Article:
“They forget this is the same Mike Willesee who got Hoges [Paul Hogan] on once a week in his stubbies to taste-test meat pies or interview a beauty queen.
“Now, we haven’t always got it right over the years. A few years ago, we fell in love with bra stories. Yeah, let that settle on you for a second. I hated them. And now we don’t do bra stories any more. It was a struggle to stop the power going to my head on that one.”
Anthony Albanese, John Howard, Ita Buttrose, Steve Liebmann, Jeff Kennett, Eddie McGuire, Andy Lee, Josh Frydenberg, Sooshi Mango, Sam Newman and Nick Giannopoulos all paid tribute.
“We are your show and the million of you who watch every night know that,” she said. Thank you.”
As the popular star left the studio Nine Entertainment presenters and executives alike lined up to clap her out, including the Nine CEO Mike Sneesby, newsreader Peter Overton, Today show hosts Karl Stefanovic and Ally Langdon and programmer Michael Healy.
ABC misstep on Rinehart
In the 1980s, Gina Rinehart’s father, the late mining magnate Lang Hancock, infamously suggested that Indigenous Australians should be sterilised to solve “the problem”.
Last month, referring to the backlash to the sponsorship of Netball Australia by Hancock Prospecting, ABC Hobart Breakfast presenter Ryk Goddard incorrectly said Hancock “wanted to euthanise the whole of the Aboriginal people”.
After complaints, the ABC found Goddard was in breach of the ABC’s editorial standards because what Lang Hancock actually said was “The ones that are no good to themselves, can’t accept things, the half-castes and this is where most of the trouble comes, I would dope the water up so that they were sterile and would breed themselves out in future and that would solve the problem”.
Goddard was also found in breach for saying Rinehart is “still defending that comment” because she has never defended her father’s comment, the ABC found.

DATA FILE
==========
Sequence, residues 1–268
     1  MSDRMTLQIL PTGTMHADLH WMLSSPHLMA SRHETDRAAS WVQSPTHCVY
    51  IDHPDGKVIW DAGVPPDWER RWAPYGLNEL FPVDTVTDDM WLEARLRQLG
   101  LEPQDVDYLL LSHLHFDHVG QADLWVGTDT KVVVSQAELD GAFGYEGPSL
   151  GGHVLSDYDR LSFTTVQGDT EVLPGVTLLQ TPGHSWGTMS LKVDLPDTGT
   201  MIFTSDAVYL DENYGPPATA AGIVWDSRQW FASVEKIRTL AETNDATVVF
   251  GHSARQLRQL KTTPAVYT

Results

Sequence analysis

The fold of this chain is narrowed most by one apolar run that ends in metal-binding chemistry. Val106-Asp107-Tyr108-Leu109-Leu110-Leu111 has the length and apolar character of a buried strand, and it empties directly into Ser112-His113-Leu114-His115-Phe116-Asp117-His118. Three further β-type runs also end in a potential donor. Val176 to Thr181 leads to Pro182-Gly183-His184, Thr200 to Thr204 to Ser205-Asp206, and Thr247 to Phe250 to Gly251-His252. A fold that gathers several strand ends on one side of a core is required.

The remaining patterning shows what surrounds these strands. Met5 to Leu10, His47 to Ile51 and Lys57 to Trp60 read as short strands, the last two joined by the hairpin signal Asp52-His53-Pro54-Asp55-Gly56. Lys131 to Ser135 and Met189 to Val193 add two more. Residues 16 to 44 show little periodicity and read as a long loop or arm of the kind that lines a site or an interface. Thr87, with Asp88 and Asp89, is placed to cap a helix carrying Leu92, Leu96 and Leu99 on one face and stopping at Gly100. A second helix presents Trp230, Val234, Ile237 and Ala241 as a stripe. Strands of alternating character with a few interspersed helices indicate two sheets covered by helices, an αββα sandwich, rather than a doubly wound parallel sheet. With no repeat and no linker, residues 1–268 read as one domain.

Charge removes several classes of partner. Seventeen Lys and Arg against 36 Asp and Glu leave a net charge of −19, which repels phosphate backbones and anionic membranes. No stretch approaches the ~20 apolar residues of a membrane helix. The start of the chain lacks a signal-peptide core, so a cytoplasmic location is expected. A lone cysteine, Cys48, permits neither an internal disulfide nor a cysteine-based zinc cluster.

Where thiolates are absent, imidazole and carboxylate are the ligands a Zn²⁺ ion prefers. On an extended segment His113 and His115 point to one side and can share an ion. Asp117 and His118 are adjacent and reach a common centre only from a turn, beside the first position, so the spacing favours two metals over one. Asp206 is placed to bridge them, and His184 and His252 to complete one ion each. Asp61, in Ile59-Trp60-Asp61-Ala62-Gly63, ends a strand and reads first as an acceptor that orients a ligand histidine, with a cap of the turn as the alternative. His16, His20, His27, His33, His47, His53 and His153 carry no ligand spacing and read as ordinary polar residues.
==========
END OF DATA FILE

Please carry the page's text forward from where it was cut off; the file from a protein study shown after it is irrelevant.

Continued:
Friendlyjordies fire scare
Friendlyjordies, the YouTuber who made a name for himself for his political commentary, is taking an “indefinite hiatus” from producing videos after his Bondi home was hit by a suspected arson attack.
“I think we’re going to just tone back on the videos for a bit, and by tone back I mean that’s it for a while, for obvious reasons. [I’ll] get back to it at some point, but for now Friendlyjordies is on an indefinite hiatus,” he said.
NSW Police said officers are investigating links to another fire at the same home on 17 November.
The announcement by ABC TV that a reboot of the great Australian sitcom Mother and Son is hitting the screen next year reminded one former ABC journalist about a relic from the show that sat neglected for years at the old ABC TV studios at Gore Hill in northern Sydney.
The 1955 Morris Minor convertible that actor Garry McDonald drove as Arthur Beare was housed in a dusty open garage in thelate 1990s after the show ended in 1994. The ABC eventually sold it for $18,000 at auction to an anonymous fan.
ABC moves on diversity
A media diversity report released this week found that journalists with Anglo-Celtic background were still “vastly over-represented” on TV, and that their representation had actually increased, from 75.8% in 2020 to 78% in 2022.
The Greens senator Mehreen Faruqi told parliament the defensive remarks of some media management to the findings “were disappointing to say the least. There is clearly resistance to acknowledging the depth of this problem, let alone getting serious to address it”.
The report had attracted criticism, most notably from the ABC, whose news executive Gavin Fang questioned the methodology.
Among the free-to-air networks the ABC and SBS have done vastly more than the commercial networks to address the lack of diversity on air, behind the scenes and in the area of disability.
On Friday, Wiradjuri woman Suzanne Dredge was appointed to the new ABC role of head of Indigenous News, where she will build and lead a standalone Indigenous reporting team, along with ABC Indigenous affairs editor Bridget Brennan.
A three-time Walkley-winner, Dredge said in the ABC’s 90-year history there had never been a First Nations staff member on the News Executive team.
“The media plays an important role commissioning and reporting stories that contribute to our views of the world, which is why First Nations people need to be part of the storytelling and decision-making at a senior level,” Dredge said.